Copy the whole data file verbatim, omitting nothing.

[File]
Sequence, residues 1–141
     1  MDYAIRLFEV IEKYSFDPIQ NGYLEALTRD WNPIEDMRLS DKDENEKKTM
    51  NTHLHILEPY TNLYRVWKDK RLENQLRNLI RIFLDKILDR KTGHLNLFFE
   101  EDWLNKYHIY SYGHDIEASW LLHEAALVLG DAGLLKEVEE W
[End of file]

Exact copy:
Sequence, residues 1–141
     1  MDYAIRLFEV IEKYSFDPIQ NGYLEALTRD WNPIEDMRLS DKDENEKKTM
    51  NTHLHILEPY TNLYRVWKDK RLENQLRNLI RIFLDKILDR KTGHLNLFFE
   101  EDWLNKYHIY SYGHDIEASW LLHEAALVLG DAGLLKEVEE W